Mumbai: Want the best seats in the house for Indian Premier League (IPL) matches featuring Rajasthan Royals this season? Even a word from Bollywood diva Shilpa Shetty, co-owner of the team, may not be enough to get you in.
Playing to a new field: Members of the Rajasthan Royals team, winners of IPL’s season 1, at a Reliance Fresh outlet in Jaipur. The players were promoting the team’s fan club and encouraging locals to sign up.
You may have a chance, though, if you are a Rajasthan Royals fan and between 12 and 16 years old. The Jaipur franchise is offering its young fans a chance to be boundary boys for the team in the second edition of IPL starting in April.
Deccan Chargers, the Hyderabad franchise, is looking to establish a consumer connect with cricket fans on mobile phones and online. The platforms will offer fans interactive features to ensure that their message reaches the team, plus exclusive chats with players, merchandise offers and ticket deals. Fans could sign up for free, or for a nominal Rs150, depending on the level of interaction they seek.
“The idea is to convert a cricket fan into a Deccan Chargers fan and by that I mean not just someone who just likes the Chargers, but a fan who starts spending time and money on the team,” says Darshan M., vice-president (commercial operations) at Deccan Chargers Sporting Ventures Ltd. “A fan becomes valuable when he starts spending money on the team. When he buys merchandise, enrols in a Chargers’ academy, goes on Chargers’ adventure vacations, buys a Chargers’ insurance or credit card.”
Not just the Rajasthan Royals and the Chargers. IPL teams such as Chennai Super Kings, Delhi Daredevils and Kolkata Knight Riders have also launched or are in the process of launching their official fan clubs.
The idea, essentially, is to build the teams’ core asset—a fan base that could serve as a marketing platform for their own brand, and other advertisers’ brands at a later date. In due course, these fan clubs could emerge as powerful new revenue streams from merchandising to licensing deals.
Fans can enjoy goodies that range from hefty discounts on tickets to autographed memorabilia, access to premium tickets and parking space, mobile downloads, exclusive content and, in some cases, even a chance to attend the official team party.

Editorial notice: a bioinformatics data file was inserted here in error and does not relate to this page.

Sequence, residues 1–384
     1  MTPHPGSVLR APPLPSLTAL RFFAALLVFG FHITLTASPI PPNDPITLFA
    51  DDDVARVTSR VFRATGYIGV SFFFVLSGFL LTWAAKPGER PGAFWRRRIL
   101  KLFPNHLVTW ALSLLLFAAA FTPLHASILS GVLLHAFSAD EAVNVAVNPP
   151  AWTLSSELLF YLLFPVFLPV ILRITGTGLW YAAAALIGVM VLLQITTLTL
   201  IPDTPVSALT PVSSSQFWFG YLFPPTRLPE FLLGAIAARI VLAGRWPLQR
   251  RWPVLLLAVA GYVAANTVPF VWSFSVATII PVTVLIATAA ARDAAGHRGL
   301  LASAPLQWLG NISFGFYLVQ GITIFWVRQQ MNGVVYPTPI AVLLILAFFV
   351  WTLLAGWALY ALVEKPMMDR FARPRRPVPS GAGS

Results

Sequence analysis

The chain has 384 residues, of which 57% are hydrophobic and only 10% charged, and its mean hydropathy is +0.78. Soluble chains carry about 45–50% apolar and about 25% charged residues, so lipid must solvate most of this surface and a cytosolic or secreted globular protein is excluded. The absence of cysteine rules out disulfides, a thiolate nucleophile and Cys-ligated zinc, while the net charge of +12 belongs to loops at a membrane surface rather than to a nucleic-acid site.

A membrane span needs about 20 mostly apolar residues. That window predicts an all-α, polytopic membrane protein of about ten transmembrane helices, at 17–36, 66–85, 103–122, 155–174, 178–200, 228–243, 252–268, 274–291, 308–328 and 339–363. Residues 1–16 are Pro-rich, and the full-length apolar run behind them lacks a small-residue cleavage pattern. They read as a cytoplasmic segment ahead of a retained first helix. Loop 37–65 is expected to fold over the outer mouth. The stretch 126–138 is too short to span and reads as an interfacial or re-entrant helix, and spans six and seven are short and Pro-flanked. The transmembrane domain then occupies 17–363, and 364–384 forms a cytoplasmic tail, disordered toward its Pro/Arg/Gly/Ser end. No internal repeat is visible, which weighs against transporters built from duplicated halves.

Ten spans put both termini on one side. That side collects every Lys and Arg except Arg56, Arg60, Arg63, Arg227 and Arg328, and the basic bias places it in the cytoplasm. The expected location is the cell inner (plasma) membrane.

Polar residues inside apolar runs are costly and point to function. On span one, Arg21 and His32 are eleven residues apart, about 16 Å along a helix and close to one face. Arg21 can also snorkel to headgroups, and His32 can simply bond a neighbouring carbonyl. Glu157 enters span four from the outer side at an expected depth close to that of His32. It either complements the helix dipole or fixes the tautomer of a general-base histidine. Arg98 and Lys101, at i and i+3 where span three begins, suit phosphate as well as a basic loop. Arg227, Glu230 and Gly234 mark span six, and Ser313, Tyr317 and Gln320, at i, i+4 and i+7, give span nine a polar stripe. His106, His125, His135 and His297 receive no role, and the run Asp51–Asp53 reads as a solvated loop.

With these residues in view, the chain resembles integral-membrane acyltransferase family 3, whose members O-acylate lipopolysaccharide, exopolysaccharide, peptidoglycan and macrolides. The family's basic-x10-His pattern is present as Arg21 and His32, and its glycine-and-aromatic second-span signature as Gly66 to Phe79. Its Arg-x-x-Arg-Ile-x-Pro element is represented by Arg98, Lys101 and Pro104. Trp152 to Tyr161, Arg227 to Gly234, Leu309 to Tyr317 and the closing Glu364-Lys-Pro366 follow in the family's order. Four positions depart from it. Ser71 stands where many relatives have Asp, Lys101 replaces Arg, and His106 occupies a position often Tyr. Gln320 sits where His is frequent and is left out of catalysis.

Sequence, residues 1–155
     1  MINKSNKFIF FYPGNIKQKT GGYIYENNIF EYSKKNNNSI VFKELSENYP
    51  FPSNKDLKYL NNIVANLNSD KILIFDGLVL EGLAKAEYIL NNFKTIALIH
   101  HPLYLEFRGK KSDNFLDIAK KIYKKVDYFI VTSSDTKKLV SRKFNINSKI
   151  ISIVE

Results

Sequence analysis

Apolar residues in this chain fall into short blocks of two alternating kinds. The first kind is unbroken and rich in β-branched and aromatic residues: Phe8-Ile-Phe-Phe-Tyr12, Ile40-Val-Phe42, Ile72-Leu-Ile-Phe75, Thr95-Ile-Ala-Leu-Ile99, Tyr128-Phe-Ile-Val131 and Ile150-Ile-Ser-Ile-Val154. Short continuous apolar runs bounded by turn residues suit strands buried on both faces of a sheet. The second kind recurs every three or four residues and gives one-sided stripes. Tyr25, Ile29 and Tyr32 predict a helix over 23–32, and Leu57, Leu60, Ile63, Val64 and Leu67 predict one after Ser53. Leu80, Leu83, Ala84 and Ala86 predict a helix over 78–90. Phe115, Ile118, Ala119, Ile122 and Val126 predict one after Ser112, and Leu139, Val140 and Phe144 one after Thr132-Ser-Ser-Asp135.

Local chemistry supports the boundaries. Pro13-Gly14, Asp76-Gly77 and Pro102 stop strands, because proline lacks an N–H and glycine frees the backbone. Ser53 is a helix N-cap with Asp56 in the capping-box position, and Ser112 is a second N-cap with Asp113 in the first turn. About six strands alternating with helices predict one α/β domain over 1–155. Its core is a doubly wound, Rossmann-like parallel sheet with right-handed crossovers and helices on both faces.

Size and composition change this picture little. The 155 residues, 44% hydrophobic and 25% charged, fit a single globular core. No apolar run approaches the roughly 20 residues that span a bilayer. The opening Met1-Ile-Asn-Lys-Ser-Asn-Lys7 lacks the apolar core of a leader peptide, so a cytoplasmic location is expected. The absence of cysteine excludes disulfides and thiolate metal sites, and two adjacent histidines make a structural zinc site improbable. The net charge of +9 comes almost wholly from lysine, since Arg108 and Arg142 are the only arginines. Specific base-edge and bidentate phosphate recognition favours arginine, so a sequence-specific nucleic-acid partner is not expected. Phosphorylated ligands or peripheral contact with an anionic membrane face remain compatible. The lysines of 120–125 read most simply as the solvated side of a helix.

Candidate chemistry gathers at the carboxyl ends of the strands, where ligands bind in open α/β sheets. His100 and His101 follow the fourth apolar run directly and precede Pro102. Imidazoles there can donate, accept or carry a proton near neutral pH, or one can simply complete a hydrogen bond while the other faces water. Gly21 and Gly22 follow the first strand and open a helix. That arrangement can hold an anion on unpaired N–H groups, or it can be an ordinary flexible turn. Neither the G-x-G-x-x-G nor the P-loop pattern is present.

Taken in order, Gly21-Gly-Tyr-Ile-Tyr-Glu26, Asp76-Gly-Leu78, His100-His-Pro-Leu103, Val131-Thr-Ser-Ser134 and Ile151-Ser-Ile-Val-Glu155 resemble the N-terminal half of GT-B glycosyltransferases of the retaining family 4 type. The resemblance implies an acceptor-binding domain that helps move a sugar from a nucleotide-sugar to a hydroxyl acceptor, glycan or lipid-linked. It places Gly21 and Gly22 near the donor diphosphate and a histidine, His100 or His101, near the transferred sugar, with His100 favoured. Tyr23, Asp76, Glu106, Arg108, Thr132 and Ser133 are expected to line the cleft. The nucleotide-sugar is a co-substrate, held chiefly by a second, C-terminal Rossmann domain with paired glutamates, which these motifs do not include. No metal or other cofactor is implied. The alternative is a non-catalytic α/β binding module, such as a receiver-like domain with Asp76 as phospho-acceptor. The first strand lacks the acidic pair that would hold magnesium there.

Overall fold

Rajasthan Royals, which won IPL’s inaugural edition last year, is offering fans a chance to enlist in five categories of clubs. The priciest and the most exclusive is the Maharaja Club, which comes with an yearly fee of Rs1.5 lakh and is open to only 200 people. Membership to the Young Royals club could cost a more modest Rs2,500.
Rajasthan Royals is looking to widen its target audience by reaching out to different groups. While the entire team will be used to drive fan traffic, it will use customized campaigns to reach out to different groups. For example, the team is running the Royal Divas contest that is aimed at young women who are fans of cricket or of hunky players, and in some cases both.
“The winner will be the captain of the cheerleaders squad—she doesn’t necessarily have to be a cheerleader, but a fan who will lead the women’s fan club and may even feature in the new music video (planned by the team),” says Utkarsh Singh, business development executive for the Rajasthan Royals.
Chennai Super Kings will reach out to its target audience online as well as through select Café Coffee Day and Reebok outlets. The team is also counting on television reality shows—the CSK Juniors aimed at cricketing talent and CSK Cheerleaders that will focus on recruiting young people who will lead the cheerleaders during matches. The show will also be used as a platform to promote the players, says Rakesh Singh, head (marketing) at Indian Cements Ltd, owner of Chennai Super Kings.
“Especially some of the players from Tamil Nadu, who may not be well known, but could drive the local fan base, is where we want to start,” Singh adds. For example, players such as L. Balaji could be used to help build hype before the IPL season and drive up ticket sales and brand value. Membership to the King’s Club will come at Rs500 for school children and Rs1,000 per year for everyone else.
Eventually, the Chennai franchise would like to create a team of fanatic Super Kings supporters who travel with the team, much like the Barmy Army that accompanies the England team on all its tours.
Some teams, such as Mumbai Indians, are taking it one step at a time. “We’re not here for the short term, and we’re not playing the valuation game,” says a spokesperson for the Mumbai Indians team. “You can’t build a fan following in a year. A lot has to sink into (the consumers’ psyche), before a fan club can work. Merchandising is the first step, we want people to feel more a part of the team and then gradually increase the involvement.”
Some are sceptical about the commercial potential of fan clubs. “Fan clubs as a source of revenue (from membership and retainer fees) for IPL teams… I see zero scope for that happening right now, as there is no value being provided to consumers,” says Anirban Das Blah, chief executive of Globosport India Pvt. Ltd.
The strategy should be to launch not a paid-for service, but to mobilize a consumer base for advertisers and sponsors, he says, explaining that internationally, fan clubs offered their fans huge value in terms of discounts, access to premium tickets, training sessions, memorabilia, and, in certain cases, voting rights in club elections, among other things.
“Even clubs such as Manchester United have been around for 150 years, and it’s taken them that time to build it to what it is,” says Mahesh Ranka, general manager of Relay India, a specialist division of the Starcom MediaVest Group. “Today, a lion’s share of the revenue for the team comes not from television, radio or Internet rights or sponsorships, but through merchandise. Will it take us (IPL teams) that long? No. But it will definitely not happen overnight.”